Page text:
How-to run flat tyres

NT News - Motoring - - CAR PROBLEMS? GRAHAM SMITH CAN HELP. EMAIL HIM AT -

Q: We have no­ticed that when in 50-60 km/h speed zones or driv­ing at low speeds the au­to­matic trans­mis­sion in our Hyundai seems to go into fourth gear too early, caus­ing the mo­tor to labour. Is this a com­mon prob­lem? Elsie& Colin Bernard, e-mail. A: All cars drop into higher gears as soon as they can, it’s a way of sav­ing on fuel and I would ex­pect a car to be ca­pa­ble of run­ning com­fort­ably in fourth at 50-60 km/h.

Q: I was told that I should use To­tal oil in my 2006 Peu­geot 307 HDI diesel wagon but I see noth­ing wrong with us­ing a good qual­ity Cas­trol or Valvo­line oil. What grade and brand would be suit­able? Earle Mel­lor, e-mail. A: Check the own­ers man­ual, Peu­geot’s rec­om­mended oil is shown there. A 5w-30 pre­mium oil from any of the ma­jor brands should be fine for your ve­hi­cle. BE­FORE Scot­tish chemist John Dun­lop cre­ated his pneu­matic tyre late in the 19th cen­tury, ve­hi­cles rolled on wheels shod with solid tyres.

There wasn’t much you could say about them that was pos­i­tive, the road­hold­ing was ap­palling, the brak­ing fee­ble, and the ride back break­ing, but they were im­per­vi­ous to punc­tures.

Dun­lop’s cre­ation trans­formed mo­tor­ing in vir­tu­ally ev­ery way, but un­for­tu­nately they were sub­ject to punc­tures that would reg­u­larly strand mo­torists on the side of the road. The an­swer was to carry a spare wheel that could be fit­ted to get you on your way again, but car­ry­ing a spare also has its is­sues.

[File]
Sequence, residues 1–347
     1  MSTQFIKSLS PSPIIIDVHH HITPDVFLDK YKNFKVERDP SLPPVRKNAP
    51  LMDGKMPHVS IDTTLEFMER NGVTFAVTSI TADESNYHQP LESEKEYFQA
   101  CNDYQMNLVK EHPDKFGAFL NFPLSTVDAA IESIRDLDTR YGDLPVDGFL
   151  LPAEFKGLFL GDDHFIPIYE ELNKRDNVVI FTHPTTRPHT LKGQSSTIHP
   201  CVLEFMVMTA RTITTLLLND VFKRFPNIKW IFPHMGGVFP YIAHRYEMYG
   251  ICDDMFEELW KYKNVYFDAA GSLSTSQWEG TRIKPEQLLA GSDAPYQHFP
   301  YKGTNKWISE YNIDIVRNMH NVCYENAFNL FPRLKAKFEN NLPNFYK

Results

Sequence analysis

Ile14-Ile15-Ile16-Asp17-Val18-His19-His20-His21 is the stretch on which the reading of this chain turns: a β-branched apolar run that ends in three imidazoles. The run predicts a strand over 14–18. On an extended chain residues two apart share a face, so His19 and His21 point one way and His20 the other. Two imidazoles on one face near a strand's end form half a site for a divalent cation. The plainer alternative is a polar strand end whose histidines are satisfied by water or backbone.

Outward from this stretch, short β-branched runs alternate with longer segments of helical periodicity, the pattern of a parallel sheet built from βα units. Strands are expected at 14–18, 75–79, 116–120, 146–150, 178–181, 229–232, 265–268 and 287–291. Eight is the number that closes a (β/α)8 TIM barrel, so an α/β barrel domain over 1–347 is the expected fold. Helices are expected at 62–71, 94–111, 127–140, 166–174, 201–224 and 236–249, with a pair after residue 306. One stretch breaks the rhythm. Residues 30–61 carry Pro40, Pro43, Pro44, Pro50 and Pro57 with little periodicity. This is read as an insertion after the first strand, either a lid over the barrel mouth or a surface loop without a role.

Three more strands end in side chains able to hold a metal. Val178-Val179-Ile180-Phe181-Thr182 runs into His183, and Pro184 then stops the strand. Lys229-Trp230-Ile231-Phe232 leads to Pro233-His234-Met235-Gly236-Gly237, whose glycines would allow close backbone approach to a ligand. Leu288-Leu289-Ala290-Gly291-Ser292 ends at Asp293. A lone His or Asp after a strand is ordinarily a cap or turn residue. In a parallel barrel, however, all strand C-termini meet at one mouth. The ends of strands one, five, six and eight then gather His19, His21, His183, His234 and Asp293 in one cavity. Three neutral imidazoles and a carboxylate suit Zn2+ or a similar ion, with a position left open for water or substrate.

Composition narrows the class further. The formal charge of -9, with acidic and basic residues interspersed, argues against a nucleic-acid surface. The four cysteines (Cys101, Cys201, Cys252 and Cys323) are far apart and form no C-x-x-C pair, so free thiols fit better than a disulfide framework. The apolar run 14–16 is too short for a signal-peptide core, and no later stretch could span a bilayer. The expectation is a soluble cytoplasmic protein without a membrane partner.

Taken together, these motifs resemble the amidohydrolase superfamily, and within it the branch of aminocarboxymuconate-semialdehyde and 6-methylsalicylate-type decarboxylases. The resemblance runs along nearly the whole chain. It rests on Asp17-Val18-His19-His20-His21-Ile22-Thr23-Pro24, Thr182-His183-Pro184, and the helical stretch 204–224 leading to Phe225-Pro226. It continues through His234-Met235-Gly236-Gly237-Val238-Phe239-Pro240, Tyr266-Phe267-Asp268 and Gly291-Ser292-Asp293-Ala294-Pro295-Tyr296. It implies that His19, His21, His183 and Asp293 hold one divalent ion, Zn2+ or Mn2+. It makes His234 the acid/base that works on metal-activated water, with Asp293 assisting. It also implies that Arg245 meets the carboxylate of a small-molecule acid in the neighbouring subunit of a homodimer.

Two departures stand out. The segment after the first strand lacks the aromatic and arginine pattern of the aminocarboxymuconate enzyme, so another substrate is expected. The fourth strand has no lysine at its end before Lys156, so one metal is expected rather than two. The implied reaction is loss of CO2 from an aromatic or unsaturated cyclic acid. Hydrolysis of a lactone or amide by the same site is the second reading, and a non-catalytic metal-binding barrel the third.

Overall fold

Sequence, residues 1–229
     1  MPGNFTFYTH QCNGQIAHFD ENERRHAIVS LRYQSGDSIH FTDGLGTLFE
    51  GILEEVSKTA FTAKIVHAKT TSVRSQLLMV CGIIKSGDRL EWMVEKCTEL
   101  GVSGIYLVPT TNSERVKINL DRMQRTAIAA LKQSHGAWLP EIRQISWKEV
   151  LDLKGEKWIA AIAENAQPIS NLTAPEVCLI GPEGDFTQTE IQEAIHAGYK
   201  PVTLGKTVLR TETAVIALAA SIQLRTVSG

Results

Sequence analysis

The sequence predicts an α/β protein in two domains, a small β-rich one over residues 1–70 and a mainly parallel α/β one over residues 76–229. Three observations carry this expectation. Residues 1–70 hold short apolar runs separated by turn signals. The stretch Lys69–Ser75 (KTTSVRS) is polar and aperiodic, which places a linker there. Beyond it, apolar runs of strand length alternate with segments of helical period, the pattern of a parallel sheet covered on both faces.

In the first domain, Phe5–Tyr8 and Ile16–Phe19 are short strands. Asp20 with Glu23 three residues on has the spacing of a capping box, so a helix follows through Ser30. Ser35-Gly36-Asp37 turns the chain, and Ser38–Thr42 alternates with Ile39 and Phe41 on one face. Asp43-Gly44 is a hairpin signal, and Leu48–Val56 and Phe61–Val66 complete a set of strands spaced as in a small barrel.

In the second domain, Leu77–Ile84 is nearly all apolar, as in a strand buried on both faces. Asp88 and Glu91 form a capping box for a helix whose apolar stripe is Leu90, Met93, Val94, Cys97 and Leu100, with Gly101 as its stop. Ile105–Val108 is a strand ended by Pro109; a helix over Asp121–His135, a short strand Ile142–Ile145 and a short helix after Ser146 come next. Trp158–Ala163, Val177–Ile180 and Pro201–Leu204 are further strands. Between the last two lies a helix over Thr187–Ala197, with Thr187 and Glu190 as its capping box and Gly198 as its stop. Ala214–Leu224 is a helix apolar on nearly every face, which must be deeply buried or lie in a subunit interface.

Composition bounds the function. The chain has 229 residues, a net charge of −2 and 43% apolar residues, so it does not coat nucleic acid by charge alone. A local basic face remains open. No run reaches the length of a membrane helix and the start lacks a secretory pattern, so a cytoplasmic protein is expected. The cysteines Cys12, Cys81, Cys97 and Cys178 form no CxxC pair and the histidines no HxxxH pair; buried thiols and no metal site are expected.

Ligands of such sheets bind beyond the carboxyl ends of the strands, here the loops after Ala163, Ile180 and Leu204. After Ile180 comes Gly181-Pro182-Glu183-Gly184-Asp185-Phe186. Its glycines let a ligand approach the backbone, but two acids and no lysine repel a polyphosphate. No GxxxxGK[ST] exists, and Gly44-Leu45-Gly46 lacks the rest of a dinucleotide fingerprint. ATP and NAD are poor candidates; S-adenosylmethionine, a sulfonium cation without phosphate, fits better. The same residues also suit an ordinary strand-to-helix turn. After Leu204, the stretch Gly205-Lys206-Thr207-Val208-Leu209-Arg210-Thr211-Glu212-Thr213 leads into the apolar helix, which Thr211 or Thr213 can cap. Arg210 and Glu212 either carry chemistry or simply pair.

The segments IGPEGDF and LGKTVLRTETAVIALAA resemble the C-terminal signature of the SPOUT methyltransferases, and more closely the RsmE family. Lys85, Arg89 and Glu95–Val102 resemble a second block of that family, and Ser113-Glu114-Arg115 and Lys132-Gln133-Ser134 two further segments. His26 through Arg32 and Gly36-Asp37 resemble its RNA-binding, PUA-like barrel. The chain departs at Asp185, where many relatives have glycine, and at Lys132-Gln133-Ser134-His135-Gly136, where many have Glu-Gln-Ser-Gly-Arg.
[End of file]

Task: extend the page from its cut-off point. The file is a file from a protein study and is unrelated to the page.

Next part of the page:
Over the years car­mak­ers have mounted spares on the front guards, the rear bumper, un­der the rear and in the boot, but no mat­ter where they have lo­cated it, the spare has got in the way.

For just as long they’ve also been ways to get rid of them.

The only time we ap­pre­ci­ate them is when we have a flat, for the rest of the time they are just go­ing along for the ride and get­ting in the way.

Get­ting rid of the spare would save money and weight, re­duce fuel con­sump­tion, and lib­er­ate space that could be used for other pur­poses.

Car­mak­ers have tried a num­ber of things to rid them­selves of these un­wanted items, but the most re­cent way is through the use of run-flat tyres.

Run-flats have a stiff side­wall that sup­ports the weight of the car dur­ing a punc­ture so you can get to a tyre re­tailer to re­pair or re­place the dam­aged tyre. The up­side of run-flat tyres is that you don’t have to carry a spare wheel, and be­cause you can drive on you don’t have to change the wheel on the side of the road.

The down­side is that the ride is much harder than with a reg­u­lar pneu­matic tyre, the cost of run-flats is about 50 per cent higher than a reg­u­lar tyre, and not all tyre deal­ers have the knowl­edge and equip­ment to han­dle run-flats.

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